The volume offers a critique of the existing models within which Jamaica’s global image is framed. As Jamaica recognizes more than half a century as an independent nation, the time is apt for Jamaican authorities to interrogate, deconstruct and re-imagine how they constitute the nation’s public image, and the way they project the nation in the world. The volume offers such a rethinking. It problematizes the current tourism model of “sun, sand and sea”, particularly within the context of post-coloniality, and examines the ways in which it excludes and obscures other crucial aspects of Jamaica’s public international image and ignores the unintentional images, vistas, and stereotypes it creates. The primary aim of the volume is to highlight some of the problematic aspects of Jamaica’s nation branding project and advocate for a paradigmatic shift in the model of nation branding Jamaica undertakes – one which is more comprehensive, complete, and offers a critical articulation of the nation that locates the Jamaican people at the center and acknowledges, if not addresses, the realities of Jamaica.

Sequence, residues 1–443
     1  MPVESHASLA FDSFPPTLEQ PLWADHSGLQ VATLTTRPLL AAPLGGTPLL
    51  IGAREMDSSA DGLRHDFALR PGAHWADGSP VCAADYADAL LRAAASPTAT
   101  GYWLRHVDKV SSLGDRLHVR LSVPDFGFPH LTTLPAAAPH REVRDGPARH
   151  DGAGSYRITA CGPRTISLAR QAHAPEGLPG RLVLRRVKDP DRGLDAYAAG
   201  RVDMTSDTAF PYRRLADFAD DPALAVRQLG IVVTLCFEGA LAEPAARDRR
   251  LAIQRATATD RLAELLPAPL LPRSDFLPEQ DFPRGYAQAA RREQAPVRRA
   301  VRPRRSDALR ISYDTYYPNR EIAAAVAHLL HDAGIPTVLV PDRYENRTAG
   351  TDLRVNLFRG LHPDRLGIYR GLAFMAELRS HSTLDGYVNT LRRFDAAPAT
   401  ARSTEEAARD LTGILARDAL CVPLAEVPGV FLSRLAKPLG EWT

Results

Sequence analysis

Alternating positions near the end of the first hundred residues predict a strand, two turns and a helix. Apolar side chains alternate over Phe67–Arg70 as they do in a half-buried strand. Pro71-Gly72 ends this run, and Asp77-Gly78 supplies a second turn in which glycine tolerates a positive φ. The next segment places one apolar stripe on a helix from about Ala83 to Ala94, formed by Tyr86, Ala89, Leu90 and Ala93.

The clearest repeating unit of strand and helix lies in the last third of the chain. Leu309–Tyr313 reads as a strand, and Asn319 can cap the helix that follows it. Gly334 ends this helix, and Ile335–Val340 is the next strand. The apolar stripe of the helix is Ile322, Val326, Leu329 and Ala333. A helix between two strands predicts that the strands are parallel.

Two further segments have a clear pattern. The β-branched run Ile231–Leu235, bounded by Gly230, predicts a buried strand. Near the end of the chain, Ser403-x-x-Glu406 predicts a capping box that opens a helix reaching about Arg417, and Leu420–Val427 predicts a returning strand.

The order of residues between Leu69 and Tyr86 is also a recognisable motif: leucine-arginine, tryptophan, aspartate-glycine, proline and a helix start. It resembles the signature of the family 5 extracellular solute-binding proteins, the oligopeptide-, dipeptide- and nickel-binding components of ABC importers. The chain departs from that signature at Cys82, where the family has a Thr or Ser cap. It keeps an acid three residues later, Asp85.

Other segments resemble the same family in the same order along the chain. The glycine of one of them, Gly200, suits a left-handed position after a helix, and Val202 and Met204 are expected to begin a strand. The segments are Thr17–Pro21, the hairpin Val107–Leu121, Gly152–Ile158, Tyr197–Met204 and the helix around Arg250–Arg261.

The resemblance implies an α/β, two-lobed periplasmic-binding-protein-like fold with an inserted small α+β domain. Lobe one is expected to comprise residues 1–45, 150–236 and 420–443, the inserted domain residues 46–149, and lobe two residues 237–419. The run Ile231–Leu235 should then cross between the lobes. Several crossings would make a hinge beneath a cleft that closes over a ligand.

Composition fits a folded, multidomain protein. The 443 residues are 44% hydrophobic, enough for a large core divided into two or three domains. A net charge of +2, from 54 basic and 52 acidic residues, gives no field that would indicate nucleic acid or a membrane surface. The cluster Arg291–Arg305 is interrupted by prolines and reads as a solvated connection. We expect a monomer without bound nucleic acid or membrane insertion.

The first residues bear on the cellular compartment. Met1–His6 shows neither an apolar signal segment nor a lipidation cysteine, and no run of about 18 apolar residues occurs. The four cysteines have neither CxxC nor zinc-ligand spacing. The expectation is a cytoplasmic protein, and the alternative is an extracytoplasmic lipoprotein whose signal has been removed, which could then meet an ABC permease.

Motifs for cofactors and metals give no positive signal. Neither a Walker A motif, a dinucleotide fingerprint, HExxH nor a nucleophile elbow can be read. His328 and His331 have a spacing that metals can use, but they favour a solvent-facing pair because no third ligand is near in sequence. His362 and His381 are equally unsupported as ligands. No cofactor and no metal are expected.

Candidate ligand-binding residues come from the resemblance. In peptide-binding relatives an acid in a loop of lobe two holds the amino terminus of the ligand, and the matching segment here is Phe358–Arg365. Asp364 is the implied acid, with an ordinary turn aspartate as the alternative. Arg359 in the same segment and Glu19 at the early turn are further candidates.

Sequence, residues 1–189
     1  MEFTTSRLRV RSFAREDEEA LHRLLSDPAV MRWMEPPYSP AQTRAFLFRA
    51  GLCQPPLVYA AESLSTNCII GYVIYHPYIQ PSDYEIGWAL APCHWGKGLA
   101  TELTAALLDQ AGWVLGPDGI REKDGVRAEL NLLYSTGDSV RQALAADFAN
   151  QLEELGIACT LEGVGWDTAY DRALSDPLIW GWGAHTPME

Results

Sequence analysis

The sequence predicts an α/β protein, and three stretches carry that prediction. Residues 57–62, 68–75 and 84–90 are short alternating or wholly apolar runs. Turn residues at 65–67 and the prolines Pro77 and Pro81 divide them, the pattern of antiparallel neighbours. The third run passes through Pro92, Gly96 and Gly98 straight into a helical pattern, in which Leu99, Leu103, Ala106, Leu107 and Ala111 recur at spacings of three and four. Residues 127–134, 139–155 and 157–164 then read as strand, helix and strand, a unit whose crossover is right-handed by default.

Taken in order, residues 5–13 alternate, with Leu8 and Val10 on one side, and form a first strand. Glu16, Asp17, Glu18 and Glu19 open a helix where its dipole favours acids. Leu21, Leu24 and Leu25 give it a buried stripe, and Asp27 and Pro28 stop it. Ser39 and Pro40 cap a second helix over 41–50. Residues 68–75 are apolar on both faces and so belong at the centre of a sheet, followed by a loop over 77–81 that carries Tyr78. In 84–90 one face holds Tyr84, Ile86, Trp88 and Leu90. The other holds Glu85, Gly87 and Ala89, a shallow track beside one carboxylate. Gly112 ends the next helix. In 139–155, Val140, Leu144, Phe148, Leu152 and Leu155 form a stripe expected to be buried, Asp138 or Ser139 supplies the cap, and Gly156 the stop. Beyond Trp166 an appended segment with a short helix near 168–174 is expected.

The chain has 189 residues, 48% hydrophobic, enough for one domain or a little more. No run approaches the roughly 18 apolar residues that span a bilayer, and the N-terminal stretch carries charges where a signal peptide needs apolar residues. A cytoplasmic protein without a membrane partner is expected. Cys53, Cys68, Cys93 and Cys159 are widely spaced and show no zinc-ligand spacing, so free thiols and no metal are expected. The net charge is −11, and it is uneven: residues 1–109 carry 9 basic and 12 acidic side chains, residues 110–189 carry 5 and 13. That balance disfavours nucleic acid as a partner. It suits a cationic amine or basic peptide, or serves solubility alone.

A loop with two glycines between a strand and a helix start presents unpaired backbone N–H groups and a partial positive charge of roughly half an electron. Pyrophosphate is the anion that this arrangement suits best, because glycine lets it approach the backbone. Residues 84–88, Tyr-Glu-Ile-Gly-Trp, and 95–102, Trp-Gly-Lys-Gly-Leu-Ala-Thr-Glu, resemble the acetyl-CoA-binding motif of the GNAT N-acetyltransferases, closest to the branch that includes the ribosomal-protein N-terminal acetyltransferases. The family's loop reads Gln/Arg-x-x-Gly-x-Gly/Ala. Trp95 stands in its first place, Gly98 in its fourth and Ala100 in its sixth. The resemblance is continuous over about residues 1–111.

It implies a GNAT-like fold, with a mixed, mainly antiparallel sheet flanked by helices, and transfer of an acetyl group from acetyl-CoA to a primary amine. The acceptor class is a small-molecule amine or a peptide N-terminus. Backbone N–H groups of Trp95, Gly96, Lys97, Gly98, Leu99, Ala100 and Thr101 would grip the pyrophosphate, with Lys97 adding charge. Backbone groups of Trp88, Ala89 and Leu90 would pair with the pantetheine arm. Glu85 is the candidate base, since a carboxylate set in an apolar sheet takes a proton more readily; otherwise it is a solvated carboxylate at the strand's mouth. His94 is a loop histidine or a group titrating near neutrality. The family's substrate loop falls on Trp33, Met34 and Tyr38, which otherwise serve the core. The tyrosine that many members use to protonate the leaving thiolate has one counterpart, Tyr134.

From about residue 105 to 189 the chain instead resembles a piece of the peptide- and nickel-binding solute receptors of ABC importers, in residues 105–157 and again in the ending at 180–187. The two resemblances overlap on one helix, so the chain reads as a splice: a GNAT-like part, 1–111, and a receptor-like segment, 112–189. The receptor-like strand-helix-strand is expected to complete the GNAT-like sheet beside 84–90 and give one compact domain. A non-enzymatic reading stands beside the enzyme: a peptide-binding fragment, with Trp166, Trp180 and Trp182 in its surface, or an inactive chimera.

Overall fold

Review of applications will begin on 1 February 2018
The Africana Studies Program at Bowdoin College invites applications for a one-year Mellon postdoctoral fellowship in African Studies (Sub-Saharan West Africa) or African Diaspora Studies (West Africa and some area, or areas, of the Atlantic World, excluding the US) to begin July 1, 2018. The field is open to applicants from any academic discipline. Fellows are expected to teach three courses, that include a combination of introductory and intermediate lectures and seminars, and to participate in the life of the program.
7:00pm – 8:30pm
1 December 2017
Medgar Evers College, CUNY
Admission: $20 at the door or online